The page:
Feline Fur Mowing: When Cats Lick their Nipples and Pull out Their Hair

Dr. Laci Schaible

What can I say? Cats are unique creatures that are easily stressed out and typically thrive on routine. Almost any change in the environment may cause stress; a new house, a new baby, packing for a trip, a new food, a new cat roaming the neighborhood, a new work schedule, a new romance...cats are VERY sensitive and easily upset.

There is a growing amount of attention in the veterinary world finally recognizing a self-induced condition of our sensitive and compulsive felines called psychogenic alopecia, often referred to casually as “fur mowing.” Before you laugh at the thought of this, get the facts on this often-misdiagnosed condition.

Feline psychogenic alopecia is characterized by chronic licking often of the belly and around the nipples, and is thought to be an anxiety neurosis similar to a compulsive behavior in people. Various patterns of alopecia may occur as long as the alopecia is in a place the cat can reach with its tongue. Usually the skin is intact and no sores are seen, but they may be if it progresses.

Psychogenic alopecia is a recently recognized condition affecting cats and not a tremendous amount is known about how to arrive at the diagnosis, other than history, ruling out other causes, and response to treatment. If the hair re-grows with an e-collar, psychogenic alopecia has a good chance of being the diagnosis. Many cats respond well to behavioral drugs--yes, that's right; drugs like Prozac are prescribed for this condition.

The good news is that cats can get generic Prozac from a human pharmacy. Target and Walmart, for example, offer programs where this drug is available for as little as $4/mo. A vet will have to write you a prescription if they think your cat is a good candidate for the medication, of course. In addition, this may involve halving or cutting the pills into quarters, depending upon the dose the vet prescribes so you may want to purchase a pill cutter. Your vet may also recommend having the drug compounded into a gel at a compounding pharmacy. Prices around the country vary, but $10-20/mo is common. This gel is rubbed into the inside of the ears daily, and most cat parents finds it much easier than shoving a pill down a cat's throat.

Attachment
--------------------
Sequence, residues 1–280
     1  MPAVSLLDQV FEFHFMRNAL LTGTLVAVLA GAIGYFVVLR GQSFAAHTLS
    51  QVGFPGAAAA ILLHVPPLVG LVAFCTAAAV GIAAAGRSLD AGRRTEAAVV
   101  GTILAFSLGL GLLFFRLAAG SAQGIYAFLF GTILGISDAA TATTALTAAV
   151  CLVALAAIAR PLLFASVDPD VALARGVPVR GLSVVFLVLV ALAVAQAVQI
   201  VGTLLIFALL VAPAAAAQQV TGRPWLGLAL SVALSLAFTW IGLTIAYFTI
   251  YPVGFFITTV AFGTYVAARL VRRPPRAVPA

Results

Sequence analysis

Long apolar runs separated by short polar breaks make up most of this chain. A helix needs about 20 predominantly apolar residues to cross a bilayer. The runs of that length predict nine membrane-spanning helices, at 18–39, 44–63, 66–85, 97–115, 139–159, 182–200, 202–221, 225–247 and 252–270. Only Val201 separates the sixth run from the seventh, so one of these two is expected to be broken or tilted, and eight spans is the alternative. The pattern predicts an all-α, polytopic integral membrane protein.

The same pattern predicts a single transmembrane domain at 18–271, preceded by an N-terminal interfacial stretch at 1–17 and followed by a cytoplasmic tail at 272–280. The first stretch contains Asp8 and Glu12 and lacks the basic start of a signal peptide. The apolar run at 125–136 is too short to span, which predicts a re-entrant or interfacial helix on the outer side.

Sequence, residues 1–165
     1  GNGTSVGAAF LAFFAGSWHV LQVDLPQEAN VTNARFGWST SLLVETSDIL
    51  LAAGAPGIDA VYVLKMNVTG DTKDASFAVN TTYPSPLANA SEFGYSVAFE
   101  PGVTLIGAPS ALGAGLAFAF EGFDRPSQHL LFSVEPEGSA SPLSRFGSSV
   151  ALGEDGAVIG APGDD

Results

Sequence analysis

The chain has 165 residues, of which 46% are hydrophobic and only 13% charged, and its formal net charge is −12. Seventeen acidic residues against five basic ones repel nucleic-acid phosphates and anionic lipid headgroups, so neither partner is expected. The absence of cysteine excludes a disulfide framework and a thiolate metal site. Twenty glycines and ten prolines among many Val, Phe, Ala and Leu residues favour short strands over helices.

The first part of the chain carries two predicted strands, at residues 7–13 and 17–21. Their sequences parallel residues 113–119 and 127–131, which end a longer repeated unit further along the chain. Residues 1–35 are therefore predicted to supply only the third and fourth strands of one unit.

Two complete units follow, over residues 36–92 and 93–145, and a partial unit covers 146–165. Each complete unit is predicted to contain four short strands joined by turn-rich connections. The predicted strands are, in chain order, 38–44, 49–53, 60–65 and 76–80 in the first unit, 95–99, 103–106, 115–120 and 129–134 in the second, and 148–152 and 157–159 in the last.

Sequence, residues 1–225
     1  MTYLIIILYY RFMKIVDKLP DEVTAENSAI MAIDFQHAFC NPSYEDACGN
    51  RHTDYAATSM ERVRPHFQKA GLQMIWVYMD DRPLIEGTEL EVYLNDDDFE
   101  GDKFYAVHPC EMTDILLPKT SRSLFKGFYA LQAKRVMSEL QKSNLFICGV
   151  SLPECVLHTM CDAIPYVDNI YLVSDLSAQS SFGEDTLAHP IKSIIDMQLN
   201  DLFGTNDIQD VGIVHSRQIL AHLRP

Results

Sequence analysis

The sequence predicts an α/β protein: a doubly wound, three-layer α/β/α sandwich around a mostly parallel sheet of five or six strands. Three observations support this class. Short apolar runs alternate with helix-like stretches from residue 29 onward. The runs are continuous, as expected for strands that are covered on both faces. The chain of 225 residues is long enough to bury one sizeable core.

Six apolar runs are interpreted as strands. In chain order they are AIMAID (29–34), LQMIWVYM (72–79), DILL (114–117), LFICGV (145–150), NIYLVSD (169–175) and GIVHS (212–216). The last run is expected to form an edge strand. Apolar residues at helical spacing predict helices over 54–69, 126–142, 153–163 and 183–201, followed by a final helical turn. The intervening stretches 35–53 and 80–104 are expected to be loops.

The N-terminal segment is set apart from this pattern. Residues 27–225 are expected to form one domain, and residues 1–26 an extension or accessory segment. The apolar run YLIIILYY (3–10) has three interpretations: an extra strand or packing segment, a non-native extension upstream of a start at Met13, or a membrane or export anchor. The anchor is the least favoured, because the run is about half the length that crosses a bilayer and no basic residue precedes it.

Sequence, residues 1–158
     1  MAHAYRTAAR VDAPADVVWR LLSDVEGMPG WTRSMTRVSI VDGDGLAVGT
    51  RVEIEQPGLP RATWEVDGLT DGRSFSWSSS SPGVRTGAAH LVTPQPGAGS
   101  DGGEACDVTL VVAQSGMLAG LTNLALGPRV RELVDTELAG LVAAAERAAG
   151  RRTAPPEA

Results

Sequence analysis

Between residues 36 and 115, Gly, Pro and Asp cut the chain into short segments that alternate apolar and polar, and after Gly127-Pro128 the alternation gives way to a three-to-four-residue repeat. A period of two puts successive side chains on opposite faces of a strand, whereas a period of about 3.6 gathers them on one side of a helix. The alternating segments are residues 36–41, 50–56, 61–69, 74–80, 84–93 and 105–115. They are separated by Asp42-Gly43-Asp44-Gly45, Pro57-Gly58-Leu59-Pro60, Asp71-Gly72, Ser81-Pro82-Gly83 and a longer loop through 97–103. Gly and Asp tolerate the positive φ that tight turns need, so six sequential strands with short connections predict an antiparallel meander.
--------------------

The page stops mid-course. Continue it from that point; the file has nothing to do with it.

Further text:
Before making a diagnosis of psychogenic alopecia, your vet will consider other causes of feline hair loss, such as mites, fleas, and metabolic disease. A very common cause of hair pulling in cats is a food allergy. Non-seasonal itching and chewing is the most common symptom of a food allergy. Often, this itching is intense and directed around the head and neck but it is not limited to these areas. Food allergy has also been implicated as a cause of various skin infections and non-lesional fur mowing in cats. Less common manifestations of food allergy in cats include gastrointestinal symptoms. The mean age of onset of food allergy in cats has been reported to be 4-5 years of age.

When medical causes of feline licking and hair pulling are ruled out, you may want to initiate behavioral therapies before moving onto psychogenic drugs. As with other compulsive disorders, feline psychogenic alopecia may begin as a displacement behavior arising from situations of conflict, frustration or anxiety. Regular owner initiated play sessions with chase toys two to three times a day, more opportunities to climb and explore, a variety of chase toys, multiple small meals and ample opportunity to escape and perch may be useful.

Getting on top of feline hair pulling before your cat develops scabs and secondary bacterial infections is important. Do remember thorough diagnostic testing should be done before ascribing a behavioral cause to hair loss in cats.

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